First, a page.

Stope access driven at 6.5 feet wide by 100 feet long by 10 feet high will result in 6,500 cubic feet (600-650 tons) of rock in place per single working level. At a 27 percent swell factor, which is what has been experienced during the past 2 years at Nolan Creek, the in-place extracted material equals 8,500 cubic feet (of loose broken rock. Removal of the ore at 2 feet wide by 10 feet high by 100 feet long will provide approximately 2,000 cubic feet of additional area to accommodate the material swell factor.

Solomon Shear Zone- 2.5 mile section, from Workman's Bench to Saddle Prospect

Underground Map: channel samples of Massive Gold-Antimony-Qtz Veins, Workman's Bench Tunnel

A few select of high grade channel samples from Workman's Bench tunnel
1.8 ft of 2.88oz Gold/Ton and 27.7% Antimony
1.7 ft of 2.86oz Gold/Ton and 43.2% Antimony
.7 ft of 2.68oz Gold/Ton and 5.8% Antimony

pg 65

Massive Antimony block cut from Workman's Bench tunnel, pure as can be found in nature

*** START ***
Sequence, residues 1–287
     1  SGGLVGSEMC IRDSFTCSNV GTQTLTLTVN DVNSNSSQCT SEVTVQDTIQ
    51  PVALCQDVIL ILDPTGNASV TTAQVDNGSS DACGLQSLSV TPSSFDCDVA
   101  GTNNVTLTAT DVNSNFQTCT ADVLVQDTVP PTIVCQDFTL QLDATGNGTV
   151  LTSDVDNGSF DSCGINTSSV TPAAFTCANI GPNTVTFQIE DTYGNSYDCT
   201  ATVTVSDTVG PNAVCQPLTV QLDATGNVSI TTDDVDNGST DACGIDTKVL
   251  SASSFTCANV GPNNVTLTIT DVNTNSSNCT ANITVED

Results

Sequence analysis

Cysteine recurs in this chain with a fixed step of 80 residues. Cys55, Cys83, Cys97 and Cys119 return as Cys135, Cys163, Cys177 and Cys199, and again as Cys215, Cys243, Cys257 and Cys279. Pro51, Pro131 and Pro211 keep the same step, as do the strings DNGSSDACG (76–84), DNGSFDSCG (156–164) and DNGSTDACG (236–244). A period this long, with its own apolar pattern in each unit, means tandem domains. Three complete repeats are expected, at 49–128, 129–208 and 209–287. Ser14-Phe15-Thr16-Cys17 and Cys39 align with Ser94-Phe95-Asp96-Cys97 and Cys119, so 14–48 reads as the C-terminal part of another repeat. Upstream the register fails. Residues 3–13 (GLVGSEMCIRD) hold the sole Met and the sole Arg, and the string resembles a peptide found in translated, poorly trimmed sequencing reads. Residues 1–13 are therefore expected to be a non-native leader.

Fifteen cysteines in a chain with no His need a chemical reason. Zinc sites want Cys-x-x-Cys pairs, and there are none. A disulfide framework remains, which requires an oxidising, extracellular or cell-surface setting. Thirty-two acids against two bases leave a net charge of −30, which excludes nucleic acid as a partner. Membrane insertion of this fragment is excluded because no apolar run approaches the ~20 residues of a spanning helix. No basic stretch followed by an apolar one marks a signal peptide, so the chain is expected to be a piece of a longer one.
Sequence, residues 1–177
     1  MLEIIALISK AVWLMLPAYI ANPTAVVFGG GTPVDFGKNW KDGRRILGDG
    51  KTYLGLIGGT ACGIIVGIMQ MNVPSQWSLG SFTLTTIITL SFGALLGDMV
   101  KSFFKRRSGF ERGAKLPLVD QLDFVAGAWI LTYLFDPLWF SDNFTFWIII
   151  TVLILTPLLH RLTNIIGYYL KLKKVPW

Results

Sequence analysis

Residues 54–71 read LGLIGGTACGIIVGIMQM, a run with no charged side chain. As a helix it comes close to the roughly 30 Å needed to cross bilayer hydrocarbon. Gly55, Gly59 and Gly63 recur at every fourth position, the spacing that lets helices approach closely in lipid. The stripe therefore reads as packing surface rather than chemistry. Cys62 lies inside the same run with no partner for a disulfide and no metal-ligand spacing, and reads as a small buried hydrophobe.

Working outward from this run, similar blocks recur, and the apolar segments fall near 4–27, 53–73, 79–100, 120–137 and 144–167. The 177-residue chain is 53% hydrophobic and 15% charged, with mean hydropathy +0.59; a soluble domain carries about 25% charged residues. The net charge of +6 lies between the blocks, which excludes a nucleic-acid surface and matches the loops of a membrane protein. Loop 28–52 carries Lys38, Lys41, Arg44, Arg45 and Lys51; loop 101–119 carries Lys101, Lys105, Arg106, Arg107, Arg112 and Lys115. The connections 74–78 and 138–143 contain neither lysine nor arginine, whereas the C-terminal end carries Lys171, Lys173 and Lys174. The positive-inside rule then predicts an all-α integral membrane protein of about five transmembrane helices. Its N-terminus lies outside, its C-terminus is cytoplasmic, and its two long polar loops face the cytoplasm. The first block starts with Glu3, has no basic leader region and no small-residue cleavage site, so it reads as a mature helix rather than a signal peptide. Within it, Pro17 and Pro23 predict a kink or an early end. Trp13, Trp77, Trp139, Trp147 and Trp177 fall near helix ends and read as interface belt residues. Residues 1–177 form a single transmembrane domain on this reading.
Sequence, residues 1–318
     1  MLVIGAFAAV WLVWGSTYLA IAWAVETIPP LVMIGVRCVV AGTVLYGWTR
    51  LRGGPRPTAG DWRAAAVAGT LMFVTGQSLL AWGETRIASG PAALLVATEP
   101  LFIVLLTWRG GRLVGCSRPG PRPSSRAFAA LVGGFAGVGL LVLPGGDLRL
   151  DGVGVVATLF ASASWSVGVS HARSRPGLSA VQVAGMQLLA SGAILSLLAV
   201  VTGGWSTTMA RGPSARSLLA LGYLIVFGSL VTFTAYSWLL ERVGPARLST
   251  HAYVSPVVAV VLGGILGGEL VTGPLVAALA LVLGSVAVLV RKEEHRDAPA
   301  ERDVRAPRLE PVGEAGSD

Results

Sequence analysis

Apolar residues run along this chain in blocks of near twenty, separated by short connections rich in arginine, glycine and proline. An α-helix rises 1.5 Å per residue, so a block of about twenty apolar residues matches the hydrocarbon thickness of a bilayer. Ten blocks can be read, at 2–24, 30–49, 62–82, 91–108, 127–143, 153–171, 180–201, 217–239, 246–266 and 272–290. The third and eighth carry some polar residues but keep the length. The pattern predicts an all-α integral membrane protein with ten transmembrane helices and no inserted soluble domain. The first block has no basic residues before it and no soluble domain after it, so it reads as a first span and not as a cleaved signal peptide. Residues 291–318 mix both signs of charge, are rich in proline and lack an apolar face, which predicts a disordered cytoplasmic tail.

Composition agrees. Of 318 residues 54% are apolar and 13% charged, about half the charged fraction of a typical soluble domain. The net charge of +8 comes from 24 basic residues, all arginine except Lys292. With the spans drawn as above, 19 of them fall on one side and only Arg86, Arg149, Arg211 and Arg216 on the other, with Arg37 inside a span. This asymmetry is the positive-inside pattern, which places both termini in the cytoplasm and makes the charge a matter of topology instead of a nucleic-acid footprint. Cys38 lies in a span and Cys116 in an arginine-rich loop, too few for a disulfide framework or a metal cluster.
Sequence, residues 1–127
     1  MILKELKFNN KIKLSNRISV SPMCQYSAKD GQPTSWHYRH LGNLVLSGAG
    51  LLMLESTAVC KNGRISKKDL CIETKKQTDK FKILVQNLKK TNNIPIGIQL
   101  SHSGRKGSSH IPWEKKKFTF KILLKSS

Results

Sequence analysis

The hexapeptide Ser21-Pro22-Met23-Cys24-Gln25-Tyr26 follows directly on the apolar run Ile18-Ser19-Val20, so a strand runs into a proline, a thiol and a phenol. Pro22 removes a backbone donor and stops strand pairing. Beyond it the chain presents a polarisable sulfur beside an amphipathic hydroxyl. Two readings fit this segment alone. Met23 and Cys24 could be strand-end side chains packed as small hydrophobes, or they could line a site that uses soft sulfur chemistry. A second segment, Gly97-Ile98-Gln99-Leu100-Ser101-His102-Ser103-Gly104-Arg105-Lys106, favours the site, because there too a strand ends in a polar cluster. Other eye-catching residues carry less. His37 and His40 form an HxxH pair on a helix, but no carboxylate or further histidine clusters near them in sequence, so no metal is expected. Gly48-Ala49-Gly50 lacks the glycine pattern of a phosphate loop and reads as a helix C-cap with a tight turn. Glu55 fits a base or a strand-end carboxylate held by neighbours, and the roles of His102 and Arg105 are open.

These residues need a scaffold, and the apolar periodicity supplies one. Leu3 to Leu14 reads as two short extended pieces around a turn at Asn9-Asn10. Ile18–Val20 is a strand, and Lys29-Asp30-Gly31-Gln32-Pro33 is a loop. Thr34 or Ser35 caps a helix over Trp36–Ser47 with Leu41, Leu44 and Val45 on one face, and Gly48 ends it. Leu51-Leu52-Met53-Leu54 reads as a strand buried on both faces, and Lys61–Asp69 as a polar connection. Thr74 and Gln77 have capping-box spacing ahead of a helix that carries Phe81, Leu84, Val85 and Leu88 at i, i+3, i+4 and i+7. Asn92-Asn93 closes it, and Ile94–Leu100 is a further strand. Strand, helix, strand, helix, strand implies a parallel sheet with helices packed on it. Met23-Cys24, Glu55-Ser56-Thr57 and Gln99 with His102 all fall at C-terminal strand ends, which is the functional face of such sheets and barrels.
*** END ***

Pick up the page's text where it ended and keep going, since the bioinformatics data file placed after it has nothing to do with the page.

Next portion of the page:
"The previous (prior to 2008) bulk sampling projects of placer gold from the gravel benches along the left limit of Nolan Creek had indicated that there was an association between some of the placer gold recovered and an antimony sulfide mineral called stibnite which commonly coated the coarser and angular gold nuggets. Stibnite is a sulfide mineral, and is a common pathfinder mineral for gold exploration and consists of the elements antimony and sulfur."

Workman's Bench 2009 Map- Gold-Antimony-Qtz stockwork veins

"In 2008, the Company conducted a VLF-EM ground geophysical survey over Fortress and Saddle Zones on its Nolan property to identify structures such as shear zones, faults, and veins that occur within the bedrock. The Fortress and Saddle Zones disclosed additional strong conductors (geological structures) to those located in 2007. These geological structures exist at and around the northeast end of Solomon's Shear Zone and are at the headwaters of Thompson Pup Creek where Silverado extracted many fresh (sharp-edged) gold crystals as part of its previous operations."

Nolan Creek, Thompson's Pup Gold Crystal Nuggets

From my own 'DD' research, the early history of the Koyukuk Mining District gold rush combined together with the recent Silverado Gold Mines geological work, 110 years of strong evidence, history has painted a very clear picture, showing why Silverado is sitting on one of the hottest mining properties of Alaska; rich with both Gold and Antimony, it is called the Nolan Creek!! What Dreams are made of........

Silverado's Placer Gold Production has led the company to discover a few of the lode sources, the gold veins